Perhaps the most troubling result of the criminal justice system has been an appalling mass incarceration epidemic. The U.S. has less than 5% percent of the world’s population but 25% of the world’s total prison population. In fact, the United States has more African-Americans incarcerated today than the South had slaves throughout the American Civil War.  By any measure, the staggering economic and social costs incurred by the current system is unsustainable and immoral.  Many of the conference presentations went straight to this point. Some examples included: “Restorative Responses for Cases of Social Media Hate and Harm in Educational Institutions: Theory to Practice,” “Take Back the Streets: Improving Public Safety and Health Through Peacekeeping,” and “Restorative Work with Unlikely Players: The Feds.”

Other workshops highlighted the broad reach of restorative justice initiatives and projects as an alternative to the paradigmatic operations within criminal justice today. “Decriminalizing Domestic Violence: Restorative Justice as Part of a Balanced Policy Approach to Intimate Partner Violence ” and “Confronting Sexual Violence in Tribal Nations: The Limits of Legal Pluralism and Restorative Justice” were two that stood out for this participant.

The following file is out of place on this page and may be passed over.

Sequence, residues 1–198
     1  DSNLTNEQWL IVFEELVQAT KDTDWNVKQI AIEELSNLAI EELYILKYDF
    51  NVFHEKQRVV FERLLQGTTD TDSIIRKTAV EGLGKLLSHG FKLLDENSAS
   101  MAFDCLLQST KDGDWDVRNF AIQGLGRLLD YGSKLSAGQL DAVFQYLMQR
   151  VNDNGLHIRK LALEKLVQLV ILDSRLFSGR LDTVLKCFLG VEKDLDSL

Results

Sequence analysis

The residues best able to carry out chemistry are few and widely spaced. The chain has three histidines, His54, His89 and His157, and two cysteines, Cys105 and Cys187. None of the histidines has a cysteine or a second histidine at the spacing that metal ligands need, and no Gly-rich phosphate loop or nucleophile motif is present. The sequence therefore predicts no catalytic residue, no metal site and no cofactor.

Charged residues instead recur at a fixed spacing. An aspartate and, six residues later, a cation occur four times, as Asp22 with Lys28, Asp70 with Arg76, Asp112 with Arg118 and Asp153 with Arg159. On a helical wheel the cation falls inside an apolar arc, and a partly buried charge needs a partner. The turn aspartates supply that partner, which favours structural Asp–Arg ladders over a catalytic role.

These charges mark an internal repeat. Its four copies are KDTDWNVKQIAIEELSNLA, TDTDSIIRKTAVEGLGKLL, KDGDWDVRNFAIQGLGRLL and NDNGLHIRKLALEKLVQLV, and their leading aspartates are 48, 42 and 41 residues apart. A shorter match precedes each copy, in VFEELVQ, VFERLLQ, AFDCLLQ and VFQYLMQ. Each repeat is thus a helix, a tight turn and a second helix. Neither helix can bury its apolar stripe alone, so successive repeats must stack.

Important to note, the restorative justice model is not predicated on the belief that people are intrinsically spiritual, ethical, or genetically predisposed in any way. It says nothing at all about the proven reality of a soul, let alone the probability of an afterlife. These are questions for theologians to debate.

Nor does restorative justice assume that race, gender, sexual orientation, or class are determining factors when it comes to receiving or giving justice. The pursuit of a justice founded on collaborative dialogue, mutual awareness, personal courage, public interest, and creativity is not bound by social constructions and ethical preconceptions. All that matters in a restorative justice practice (and system)-whether it be a talking circle, family conference, peer mediation, or truth and reconciliation commission- is the lived experience of individuals: their healing, sense of safety, and increased understanding. Imagine it: justice can be when the universal needs and feelings of everyone involved are honored and cared for with the highest level of humility and intention. In the words of Desmond Tutu:

Your ordinary acts of love and hope point to the extraordinary promise that every human life is of inestimable value.

George Payne is an independent writer and adjunct professor of philosophy at the State University of New York (SUNY).